, NAIROBI, Kenya, Feb 16 – The High Court has ruled that the Mass Voter Registration (MVR) will continue until February 19, 2017.
Justice Chacha Mwita directed that the Independent Electoral and Boundaries Commission (IEBC) should close the exercise after the extra three days.
“After hearing all the submissions in this petition, I direct that the Mass Voter Registration should continue until February 19, 2017 after which the exercise shall stand closed,” he ruled.
The ruling was issued in a case filed by activist Okiya Omtatah, who wanted voter registration to continue until two months to the August elections.
Omtatah argued that closing it at this point will lock out many potential voters who have not received their National ID cards or passports.
He contended that the timelines issued by the Independent Electoral and Boundaries Commission “are arbitrary and anchored on unreasonable thinking.”
“The timelines given by the electoral body are very unreasonable and should not be used as an excuse to stop the registration of voters,” he stated.
The exercise was targeting six million new voters in the hope of having up to 22 million Kenyans participate in the August Election.
The activist had also raised several other pertinent issues, which the court will now hear from March 2.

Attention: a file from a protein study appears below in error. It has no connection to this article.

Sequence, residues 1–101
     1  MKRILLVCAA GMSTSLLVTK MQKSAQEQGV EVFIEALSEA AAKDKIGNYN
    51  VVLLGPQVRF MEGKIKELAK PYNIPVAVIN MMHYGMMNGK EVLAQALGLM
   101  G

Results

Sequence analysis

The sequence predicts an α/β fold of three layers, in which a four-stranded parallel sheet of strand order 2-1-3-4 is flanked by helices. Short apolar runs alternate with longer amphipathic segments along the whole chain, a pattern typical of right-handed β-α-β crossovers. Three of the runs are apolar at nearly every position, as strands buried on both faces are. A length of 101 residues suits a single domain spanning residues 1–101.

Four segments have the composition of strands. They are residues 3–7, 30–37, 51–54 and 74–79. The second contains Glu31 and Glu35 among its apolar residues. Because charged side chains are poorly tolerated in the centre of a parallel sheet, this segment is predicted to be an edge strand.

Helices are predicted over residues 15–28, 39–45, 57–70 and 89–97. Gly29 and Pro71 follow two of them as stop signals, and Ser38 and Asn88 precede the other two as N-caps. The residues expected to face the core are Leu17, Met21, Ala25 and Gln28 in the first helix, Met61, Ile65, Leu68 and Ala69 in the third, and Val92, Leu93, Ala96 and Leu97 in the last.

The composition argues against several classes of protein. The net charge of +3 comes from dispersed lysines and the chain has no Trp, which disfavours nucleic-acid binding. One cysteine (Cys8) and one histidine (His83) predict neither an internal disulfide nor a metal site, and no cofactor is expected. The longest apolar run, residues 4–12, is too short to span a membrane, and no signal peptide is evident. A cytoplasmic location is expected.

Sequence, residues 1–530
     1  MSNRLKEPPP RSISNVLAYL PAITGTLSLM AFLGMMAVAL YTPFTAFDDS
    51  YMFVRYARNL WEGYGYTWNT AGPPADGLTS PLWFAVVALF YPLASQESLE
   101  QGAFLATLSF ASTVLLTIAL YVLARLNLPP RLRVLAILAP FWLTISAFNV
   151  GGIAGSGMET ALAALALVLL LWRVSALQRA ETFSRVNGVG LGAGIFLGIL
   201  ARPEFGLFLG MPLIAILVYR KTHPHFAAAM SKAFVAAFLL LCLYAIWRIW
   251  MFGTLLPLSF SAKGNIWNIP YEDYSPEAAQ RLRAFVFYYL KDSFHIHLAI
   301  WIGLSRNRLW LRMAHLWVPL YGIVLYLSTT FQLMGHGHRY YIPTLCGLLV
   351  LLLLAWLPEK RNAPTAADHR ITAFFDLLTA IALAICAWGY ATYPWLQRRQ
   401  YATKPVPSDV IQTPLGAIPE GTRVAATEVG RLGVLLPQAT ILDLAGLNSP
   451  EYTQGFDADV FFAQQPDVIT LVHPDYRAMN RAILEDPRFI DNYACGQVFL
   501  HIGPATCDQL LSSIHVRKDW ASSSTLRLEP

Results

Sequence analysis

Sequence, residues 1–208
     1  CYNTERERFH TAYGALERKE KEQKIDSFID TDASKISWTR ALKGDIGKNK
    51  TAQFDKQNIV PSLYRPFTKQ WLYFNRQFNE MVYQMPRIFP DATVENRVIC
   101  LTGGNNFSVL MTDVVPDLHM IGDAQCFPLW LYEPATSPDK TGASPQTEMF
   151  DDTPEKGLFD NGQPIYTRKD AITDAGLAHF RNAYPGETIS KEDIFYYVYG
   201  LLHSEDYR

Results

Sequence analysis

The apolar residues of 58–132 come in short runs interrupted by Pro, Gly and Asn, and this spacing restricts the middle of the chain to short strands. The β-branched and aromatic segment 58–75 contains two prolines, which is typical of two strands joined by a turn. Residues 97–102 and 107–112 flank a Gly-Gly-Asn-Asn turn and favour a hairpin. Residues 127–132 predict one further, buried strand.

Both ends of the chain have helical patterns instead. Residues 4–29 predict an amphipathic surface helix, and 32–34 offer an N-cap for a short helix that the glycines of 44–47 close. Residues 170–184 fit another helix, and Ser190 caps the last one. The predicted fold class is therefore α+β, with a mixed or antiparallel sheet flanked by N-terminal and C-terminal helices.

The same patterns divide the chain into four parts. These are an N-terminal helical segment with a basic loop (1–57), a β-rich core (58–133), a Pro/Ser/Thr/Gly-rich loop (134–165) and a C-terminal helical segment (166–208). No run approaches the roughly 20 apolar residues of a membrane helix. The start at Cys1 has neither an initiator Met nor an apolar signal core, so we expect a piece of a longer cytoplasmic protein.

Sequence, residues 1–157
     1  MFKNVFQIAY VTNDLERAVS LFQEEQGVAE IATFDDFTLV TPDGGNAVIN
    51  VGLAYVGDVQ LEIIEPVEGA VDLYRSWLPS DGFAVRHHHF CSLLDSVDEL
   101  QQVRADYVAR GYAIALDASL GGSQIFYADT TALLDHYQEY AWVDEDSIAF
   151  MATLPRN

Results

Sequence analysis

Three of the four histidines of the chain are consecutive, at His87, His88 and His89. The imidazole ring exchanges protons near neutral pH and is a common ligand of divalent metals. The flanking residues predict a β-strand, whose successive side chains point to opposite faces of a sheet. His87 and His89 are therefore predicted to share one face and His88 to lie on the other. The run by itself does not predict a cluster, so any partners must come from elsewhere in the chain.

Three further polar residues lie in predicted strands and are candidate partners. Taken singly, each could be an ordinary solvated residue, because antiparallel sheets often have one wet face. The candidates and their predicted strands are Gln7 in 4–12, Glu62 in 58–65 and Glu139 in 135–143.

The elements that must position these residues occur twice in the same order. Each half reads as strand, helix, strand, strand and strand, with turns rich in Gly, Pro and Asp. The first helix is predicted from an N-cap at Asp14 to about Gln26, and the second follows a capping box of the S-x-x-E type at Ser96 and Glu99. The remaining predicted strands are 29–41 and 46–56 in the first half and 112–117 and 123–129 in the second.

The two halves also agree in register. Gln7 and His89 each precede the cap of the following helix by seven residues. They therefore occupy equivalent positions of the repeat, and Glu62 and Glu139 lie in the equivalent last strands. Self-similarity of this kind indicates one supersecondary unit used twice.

He is seeking to have the court compel IEBC to register voters using birth certificates and expired passports.
According to him, separate registrations for examinations, Identity Cards, Kenya Revenue Authority PIN numbers and passports are unreasonable and a waste of public funds.
The electoral body’s lawyer Eric Gumbo had indicated that the fact that the MVR was stopped did not mean that continuous voter registration will not go on at constituency level.
“The IEBC did the first phase of Mass Voter Registration. This did not stop the continuous voter registration which has been ongoing,” he said.
“The initiative to have Mass Voter Registration was a proactive move by the IEBC to encourage people register as voters. The IEBC can only do so much.”
He stated that any change in the timelines set has far-reaching implication which would also be very expensive to the taxpayer.
He explained that the processes that go into the register must be accurate and accountable and this requires time.